Every morning I wake to the din of a blackbird in a tall roadside Maple. Have I missed something? Some mornings the tractor windscreen is touched with frost – but not many. The temperature wanders around 8 to 10 centigrade, which is hardly wintry. Snowdrops already build up a smooth froth on the south facing banks – and I have seen a russet glow forming on the willow.
I am wrestling with timber ‘firring pieces.’ Our local joiner has machined down some lengths of 4-by-2 to provide a straight guide for us to lay the floor screed to. The firring tapers from 2” down to 1 1/2” over its length to give the finished floor a slight run, or flow, towards the drain. That’s another local craftsman pulling his weight behind this enterprise.
The International Harvester 574 tractor is due to have its handbrake mended next week. I dare not start milking before the power source is totally reliable. Fortunately I have found someone with the knowledge and the will, and someone with brim-full enthusiasm for the more Bronze Age tractor. Again, we must – all of us, small-holders and townsfolk alike, marvel at and encourage great men and women engineers and husband/people to continue their vital work in getting us all fed. When the dairy is finished and the fresh milking is gushing through the system, we shall publish a list of everyone who was involved in bringing it off; lets marvel at just who is behind a pint of milk on a supermarket shelf or on a damp doorstep in Hampshire.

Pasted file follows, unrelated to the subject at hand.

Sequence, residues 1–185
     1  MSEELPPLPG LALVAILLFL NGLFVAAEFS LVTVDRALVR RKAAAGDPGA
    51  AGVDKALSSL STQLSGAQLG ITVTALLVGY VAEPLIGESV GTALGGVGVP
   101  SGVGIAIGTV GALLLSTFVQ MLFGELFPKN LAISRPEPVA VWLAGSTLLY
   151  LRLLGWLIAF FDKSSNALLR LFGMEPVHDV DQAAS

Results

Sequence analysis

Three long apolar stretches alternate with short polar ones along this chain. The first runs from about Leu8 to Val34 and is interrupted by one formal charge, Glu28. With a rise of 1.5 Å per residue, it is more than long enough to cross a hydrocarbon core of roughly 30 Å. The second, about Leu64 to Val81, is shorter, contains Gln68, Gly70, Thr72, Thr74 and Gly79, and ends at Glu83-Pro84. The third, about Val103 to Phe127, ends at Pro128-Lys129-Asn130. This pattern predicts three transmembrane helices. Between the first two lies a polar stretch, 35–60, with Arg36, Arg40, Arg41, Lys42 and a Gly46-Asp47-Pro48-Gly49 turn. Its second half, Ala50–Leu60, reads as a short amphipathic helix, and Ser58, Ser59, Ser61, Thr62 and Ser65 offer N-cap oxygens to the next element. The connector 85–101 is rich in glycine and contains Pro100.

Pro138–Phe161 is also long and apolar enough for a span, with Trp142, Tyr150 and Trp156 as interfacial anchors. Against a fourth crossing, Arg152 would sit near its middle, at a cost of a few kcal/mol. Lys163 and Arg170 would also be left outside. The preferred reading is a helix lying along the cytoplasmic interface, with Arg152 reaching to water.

A small farm near us keeps Swiss Brown cows and they process their milk for cheese. I hope to meet them next week and find out more. I do already feel part of a ‘movement.’
We are in discussions with an energy company to try and find a system to power the dairy entirely from the sun.
Secretary of State Caroline Spellman (D.E.F.R.A) told us last week that her Department used only 18% British food to feed itself - the remaining 82% was sourced from abroad. What sort of example is that for other Departments?
Notes on the Side:
I have a book on the go at the moment called "England in Particular" by Sue Clifford and Angela King (2006) of Commonground (www.commonground.org.uk), which brings together all my interests and talks with deep knowledge about everything from the Dorset Coast to Dew Ponds. The trouble is I just want to sit and read it !
G.K Chesterton in "What’s wrong with the World" says, "All men in history who have really done anything with the future had their eyes fixed upon the past" - eg, the Renaissance.
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